In July 2019, an effort driven by the nation’s four major broadcast television networks — with the endorsement of the NAB — was launched in a New York Federal District Court to decide whether or not an entity that considers itself to be “a nonprofit streaming service serving viewers unable to tune to their local off-air TV channels” should be shut down.
Two months later, the service — Locast — countersued.
Now, Locast is drawing attention for pushing ahead with the streaming of local broadcast TV channels in a market of vital importance to the 2020 presidential election campaign.
As of Monday (1/27), residents of Sioux City, Iowa can now watch, at no cost, 20 local broadcast TV channels via Locast.
But, it is unclear if Locast is paying any retransmission fees for the right to bring the market’s stations to viewers in an IPTV format.
Sioux City’s TV stations include Waitt-owned and Sinclair Broadcast Group-managed KMEG-14, the CBS affiliate; Sinclair’s Fox/MyNetworkTV dual affiliate KPTH-44; Quincy Media‘s NBC-affiliated KTIV-4; and Nexstar Media Group‘s ABC-affiliated KCAU-9. Also on the Locast lineup is the local PBS member station, KUSD, and all multicast channels available via a broadcast antenna.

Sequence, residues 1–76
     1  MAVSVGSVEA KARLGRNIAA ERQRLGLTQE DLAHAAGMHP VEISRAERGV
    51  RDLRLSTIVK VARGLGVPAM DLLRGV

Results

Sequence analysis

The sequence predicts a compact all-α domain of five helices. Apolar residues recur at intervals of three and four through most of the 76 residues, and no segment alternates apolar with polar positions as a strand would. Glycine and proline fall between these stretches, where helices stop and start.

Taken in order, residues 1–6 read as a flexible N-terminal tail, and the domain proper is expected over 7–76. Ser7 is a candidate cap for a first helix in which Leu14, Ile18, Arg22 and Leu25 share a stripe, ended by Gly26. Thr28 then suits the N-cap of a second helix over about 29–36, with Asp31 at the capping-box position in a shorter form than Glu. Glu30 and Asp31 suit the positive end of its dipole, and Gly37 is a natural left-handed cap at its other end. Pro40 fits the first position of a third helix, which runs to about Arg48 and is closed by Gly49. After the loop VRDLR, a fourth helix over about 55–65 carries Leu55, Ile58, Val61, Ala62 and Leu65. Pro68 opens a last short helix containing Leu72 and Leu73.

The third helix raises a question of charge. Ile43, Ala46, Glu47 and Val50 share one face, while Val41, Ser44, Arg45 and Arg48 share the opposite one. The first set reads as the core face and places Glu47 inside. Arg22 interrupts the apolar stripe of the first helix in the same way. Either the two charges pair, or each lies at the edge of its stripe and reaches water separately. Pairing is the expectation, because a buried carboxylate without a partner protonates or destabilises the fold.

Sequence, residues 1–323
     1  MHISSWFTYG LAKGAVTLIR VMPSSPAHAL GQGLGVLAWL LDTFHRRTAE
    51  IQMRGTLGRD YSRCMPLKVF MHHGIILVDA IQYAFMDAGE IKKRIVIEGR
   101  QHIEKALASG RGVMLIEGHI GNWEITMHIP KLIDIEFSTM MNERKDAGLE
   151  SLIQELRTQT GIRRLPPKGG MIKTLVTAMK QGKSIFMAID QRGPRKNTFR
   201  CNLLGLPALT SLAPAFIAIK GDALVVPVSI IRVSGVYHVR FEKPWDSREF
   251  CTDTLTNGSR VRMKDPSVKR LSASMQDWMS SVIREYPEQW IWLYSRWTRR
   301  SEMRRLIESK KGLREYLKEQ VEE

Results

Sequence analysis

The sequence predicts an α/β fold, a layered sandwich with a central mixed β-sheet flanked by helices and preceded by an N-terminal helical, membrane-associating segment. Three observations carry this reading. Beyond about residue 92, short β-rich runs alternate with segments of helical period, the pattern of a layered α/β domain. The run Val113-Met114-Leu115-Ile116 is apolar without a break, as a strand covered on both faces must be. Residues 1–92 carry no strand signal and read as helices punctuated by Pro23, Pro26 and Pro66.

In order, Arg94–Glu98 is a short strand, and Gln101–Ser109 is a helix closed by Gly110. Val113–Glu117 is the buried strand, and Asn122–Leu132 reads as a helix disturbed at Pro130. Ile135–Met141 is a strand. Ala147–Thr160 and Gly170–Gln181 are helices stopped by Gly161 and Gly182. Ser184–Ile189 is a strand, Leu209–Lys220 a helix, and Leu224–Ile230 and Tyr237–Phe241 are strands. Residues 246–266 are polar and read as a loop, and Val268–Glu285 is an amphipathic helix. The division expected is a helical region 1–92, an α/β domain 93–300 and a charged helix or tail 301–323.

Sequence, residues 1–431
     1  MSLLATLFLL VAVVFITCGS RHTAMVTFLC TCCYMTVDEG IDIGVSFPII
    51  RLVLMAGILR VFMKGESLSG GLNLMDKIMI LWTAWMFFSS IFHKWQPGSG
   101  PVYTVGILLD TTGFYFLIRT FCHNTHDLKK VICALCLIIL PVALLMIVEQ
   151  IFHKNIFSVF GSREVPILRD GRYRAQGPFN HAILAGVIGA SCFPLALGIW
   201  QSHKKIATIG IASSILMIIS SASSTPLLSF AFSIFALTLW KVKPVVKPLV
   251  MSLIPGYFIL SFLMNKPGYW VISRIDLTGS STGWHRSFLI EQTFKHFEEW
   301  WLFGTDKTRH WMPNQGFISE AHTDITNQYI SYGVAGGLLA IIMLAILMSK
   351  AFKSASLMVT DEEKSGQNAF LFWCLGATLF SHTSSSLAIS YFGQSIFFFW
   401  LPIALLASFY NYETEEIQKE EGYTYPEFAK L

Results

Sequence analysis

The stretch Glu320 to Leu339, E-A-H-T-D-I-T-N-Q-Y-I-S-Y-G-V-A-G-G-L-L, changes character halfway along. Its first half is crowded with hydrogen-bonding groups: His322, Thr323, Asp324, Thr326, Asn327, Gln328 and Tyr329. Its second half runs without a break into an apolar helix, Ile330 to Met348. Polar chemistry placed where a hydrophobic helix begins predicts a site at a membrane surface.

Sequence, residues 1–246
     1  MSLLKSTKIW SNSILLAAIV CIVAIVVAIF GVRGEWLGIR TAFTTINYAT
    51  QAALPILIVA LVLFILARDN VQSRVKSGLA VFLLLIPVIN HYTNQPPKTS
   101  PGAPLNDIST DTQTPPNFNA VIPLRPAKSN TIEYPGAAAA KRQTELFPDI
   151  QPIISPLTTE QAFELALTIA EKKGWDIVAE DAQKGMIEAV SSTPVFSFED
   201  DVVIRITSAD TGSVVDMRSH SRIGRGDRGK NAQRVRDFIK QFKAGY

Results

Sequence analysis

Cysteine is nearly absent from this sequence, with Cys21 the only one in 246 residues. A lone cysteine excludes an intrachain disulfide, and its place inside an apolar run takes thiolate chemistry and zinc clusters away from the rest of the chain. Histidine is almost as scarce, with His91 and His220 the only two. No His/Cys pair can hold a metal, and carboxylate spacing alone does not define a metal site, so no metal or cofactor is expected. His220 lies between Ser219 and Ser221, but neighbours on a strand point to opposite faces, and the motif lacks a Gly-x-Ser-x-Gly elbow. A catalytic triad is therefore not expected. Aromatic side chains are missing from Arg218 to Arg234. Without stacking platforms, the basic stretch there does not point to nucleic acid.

The launch of Locast in Sioux City takes place ahead of the nation’s first Presidential caucuses in Iowa, on Feb. 3, and — Locast notes — “as rate increases start to roll out for tens of millions of cable and satellite TV customers nationwide.”
Locast argues that it is offering a service at no cost to those in Sioux City who have been “unable to receive their free local TV channels over-the-air due to terrain or buildings blocking their signals.”
Then, there are disenfranchised residents who ” simply can’t afford to pay the rising rates charged by cable and satellite TV providers to receive their free over-the-air local channels.”
Further, some consumers wish to watch their local channels on their mobile devices away from their home — a promise that NEXTGEN TV advocates have said will be possible.
Today, Locast “solves these problems” by allowing for mobile viewing with the Sioux City DMA via an app it has developed.
That may irk Nexstar, Sinclair and Quincy Media, rather than result in applause for the increased viewing associated with Locast’s efforts.
Still, Locast founder David Goodfriend asserts, “As a nonprofit, we’re using the power of the internet to ensure Sioux City viewers have full access to their publicly available local TV channels for free, a feat that has proved challenging for local broadcasters.”
In fact, Goodfriend believes Locast’s mission “is similar to the thousands of local translator stations that boost over-the-air TV signals to hard-to-reach areas.”
Whether that’s credible or not may not matter in the coming months, if Locast’s plans come to fruition. “With the support of donations from viewers, we hope to expand into more cities soon,” Goodfriend says. “This is especially essential given Iowa’s importance in the 2020 presidential primaries and general election.”
Locast now provides a public service in 17 U.S. cities, reaching more than 41 million viewers. Locast markets are comprised of New York; Philadelphia; Boston; Baltimore; Chicago; Dallas; Denver; Houston; San Francisco; Los Angeles; Rapid City and Sioux Falls, S. Dakota; and Washington, D.C.